22 Hacks for Motivating Learners Who Think Everyone Dislikes Them

Are you looking for hacks for motivating students who think everyone dislikes them? If so, keep reading.

1. Let the student attempt something new in private before doing so in front of others.

2. Do not assume that the student is being treated nicely by other students. Peers may be stimulating the student’s unacceptable behavior.

3. Urge the student to interact with others.

4. Give the student frequent chances to meet new people.

5. Do not force the student to interact with others.

6. Make sure the student is not demonstrating a lack of confidence to get the attention of others.

7. Teach the student problem-solving skills: (a) find the problem, (b) find goals and objectives, (c) create strategies, (d) create a plan for action, and (e) carry out the plan.

8. Record the number of times the student orally expresses that others do not like or care about them to make the student aware of the frequency.

9. Connect with parents (e.g., notes home, phone calls, etc.) to disseminate information about the student’s progress. The parents may reinforce the student at home for interacting properly with others at school.

10. Draft an agreement with the student stipulating what behavior is required (e.g., interacting properly with others) and which reinforcement will be implemented when the agreement has been met.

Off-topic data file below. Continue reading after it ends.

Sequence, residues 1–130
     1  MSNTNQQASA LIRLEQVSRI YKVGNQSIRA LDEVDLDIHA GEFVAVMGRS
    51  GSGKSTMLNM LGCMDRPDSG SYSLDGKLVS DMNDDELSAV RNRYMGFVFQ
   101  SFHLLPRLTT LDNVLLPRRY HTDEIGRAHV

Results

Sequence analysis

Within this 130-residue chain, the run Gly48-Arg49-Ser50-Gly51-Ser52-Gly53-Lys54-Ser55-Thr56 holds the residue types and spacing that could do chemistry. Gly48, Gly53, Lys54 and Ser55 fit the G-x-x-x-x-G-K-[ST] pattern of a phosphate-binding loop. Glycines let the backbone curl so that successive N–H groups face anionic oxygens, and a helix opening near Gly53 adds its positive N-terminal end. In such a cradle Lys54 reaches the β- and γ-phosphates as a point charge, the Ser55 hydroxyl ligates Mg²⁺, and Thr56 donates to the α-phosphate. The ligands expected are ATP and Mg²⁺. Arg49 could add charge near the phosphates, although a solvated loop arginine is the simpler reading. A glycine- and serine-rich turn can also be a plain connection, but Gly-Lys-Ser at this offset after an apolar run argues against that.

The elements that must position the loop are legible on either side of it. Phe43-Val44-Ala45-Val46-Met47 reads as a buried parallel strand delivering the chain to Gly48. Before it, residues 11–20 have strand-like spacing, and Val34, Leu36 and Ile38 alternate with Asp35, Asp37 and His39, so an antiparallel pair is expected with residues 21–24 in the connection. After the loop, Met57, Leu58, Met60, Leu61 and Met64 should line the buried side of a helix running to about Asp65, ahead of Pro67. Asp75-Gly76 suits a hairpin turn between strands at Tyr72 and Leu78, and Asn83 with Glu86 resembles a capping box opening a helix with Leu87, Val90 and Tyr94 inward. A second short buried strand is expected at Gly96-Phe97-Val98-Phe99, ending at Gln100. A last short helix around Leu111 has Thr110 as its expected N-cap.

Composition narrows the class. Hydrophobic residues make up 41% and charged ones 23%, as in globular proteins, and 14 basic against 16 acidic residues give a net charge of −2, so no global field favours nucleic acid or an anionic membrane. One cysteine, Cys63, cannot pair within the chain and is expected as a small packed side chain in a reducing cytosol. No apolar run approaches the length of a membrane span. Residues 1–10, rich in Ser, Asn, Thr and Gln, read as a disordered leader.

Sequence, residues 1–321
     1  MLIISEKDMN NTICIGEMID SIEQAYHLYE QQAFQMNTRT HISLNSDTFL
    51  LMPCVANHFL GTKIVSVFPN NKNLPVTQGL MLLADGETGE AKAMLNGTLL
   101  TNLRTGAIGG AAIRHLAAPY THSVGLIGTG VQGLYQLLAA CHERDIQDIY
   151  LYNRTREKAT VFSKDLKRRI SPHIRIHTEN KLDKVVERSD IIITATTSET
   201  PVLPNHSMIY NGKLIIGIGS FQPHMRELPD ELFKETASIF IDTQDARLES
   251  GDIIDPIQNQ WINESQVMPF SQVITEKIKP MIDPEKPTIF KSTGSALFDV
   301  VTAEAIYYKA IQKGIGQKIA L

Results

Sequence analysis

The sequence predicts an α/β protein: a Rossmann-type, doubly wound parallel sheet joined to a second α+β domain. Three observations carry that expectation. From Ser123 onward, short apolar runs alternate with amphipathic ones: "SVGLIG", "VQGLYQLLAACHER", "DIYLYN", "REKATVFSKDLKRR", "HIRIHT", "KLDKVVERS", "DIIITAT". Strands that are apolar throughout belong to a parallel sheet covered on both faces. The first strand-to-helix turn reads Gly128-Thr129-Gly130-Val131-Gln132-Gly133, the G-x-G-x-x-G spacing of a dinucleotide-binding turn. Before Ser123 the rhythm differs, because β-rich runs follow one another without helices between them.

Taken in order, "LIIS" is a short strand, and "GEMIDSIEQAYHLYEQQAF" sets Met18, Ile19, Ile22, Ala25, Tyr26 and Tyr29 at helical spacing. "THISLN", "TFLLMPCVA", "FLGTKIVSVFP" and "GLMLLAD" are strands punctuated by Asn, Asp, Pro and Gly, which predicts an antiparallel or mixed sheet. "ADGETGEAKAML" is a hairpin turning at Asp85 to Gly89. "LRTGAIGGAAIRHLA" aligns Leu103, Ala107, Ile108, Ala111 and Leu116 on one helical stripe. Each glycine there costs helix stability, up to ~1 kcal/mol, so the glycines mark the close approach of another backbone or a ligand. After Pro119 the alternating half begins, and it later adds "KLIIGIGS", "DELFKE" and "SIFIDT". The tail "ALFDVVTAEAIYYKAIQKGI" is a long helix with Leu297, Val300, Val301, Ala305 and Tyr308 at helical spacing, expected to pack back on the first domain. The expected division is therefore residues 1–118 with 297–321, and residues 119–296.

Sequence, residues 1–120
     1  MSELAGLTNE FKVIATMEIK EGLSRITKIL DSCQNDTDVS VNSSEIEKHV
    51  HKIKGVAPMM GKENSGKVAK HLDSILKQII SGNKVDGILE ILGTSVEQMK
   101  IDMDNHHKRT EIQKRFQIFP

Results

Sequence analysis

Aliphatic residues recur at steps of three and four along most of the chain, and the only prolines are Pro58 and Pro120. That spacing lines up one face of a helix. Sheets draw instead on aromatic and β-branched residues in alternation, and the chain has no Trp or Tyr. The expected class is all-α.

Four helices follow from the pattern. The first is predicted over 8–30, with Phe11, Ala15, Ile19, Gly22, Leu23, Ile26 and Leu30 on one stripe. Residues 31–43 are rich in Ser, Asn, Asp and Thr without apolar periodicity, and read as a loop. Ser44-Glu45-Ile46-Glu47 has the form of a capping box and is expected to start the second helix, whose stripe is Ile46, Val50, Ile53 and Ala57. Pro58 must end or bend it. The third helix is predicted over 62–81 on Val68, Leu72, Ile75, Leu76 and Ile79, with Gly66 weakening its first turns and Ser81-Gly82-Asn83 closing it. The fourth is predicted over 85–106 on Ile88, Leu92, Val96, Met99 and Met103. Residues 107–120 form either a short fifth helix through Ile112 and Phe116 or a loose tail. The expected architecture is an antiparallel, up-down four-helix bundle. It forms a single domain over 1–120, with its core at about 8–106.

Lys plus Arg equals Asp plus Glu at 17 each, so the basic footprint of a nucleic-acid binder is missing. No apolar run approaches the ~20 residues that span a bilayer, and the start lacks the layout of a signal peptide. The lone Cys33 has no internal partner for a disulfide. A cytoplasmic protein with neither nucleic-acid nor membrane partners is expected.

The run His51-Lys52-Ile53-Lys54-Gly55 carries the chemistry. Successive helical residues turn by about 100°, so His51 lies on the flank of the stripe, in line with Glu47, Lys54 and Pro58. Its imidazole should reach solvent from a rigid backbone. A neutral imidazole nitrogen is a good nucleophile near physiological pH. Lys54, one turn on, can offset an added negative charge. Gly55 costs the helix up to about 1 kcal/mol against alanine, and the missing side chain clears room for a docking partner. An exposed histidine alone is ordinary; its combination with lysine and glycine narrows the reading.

11. Take the student away from the group until they can interact properly with others.

12. Communicate to the student that they are a worthwhile individual.

13. Create classroom rules: • Complete every assignment. • Complete assignments quietly. • Remain in your seat. • Finish tasks. • Meet task expectations. Examine rules often. Praise students for following the rules.

14. Praise those students in the classroom who make positive, compassionate remarks to the student.

15. Praise the student for interacting with others: (a) give the student a concrete reward (e.g., privileges such as leading the line, handing out learning materials, 10 minutes of free time, etc.) or (b) give the student an informal reward (e.g., praise, handshake, smile, etc.).

16. Find individuals with whom the student may communicate their concerns (e.g., guidance counselor, school nurse, social worker, school psychologist, etc.).

17. Praise the student for interacting with others based on the duration of time the student can be successful. As the student shows success, slowly increase the duration of time required for reinforcement.

18. Consider using an adaptive behavior management app. Click here to view a list of apps that we recommend.

19. Click here to learn about six bonus strategies for challenging problem behaviors and mastering classroom management.

20. Consider using a socio-emotional learning app. Click here to view a list of apps that we recommend.

21. Consider using an emotional intelligence app. Click here to view a list of apps that we recommend.

22. Consider using a school counseling app. Click here to view a list of apps that we recommend.

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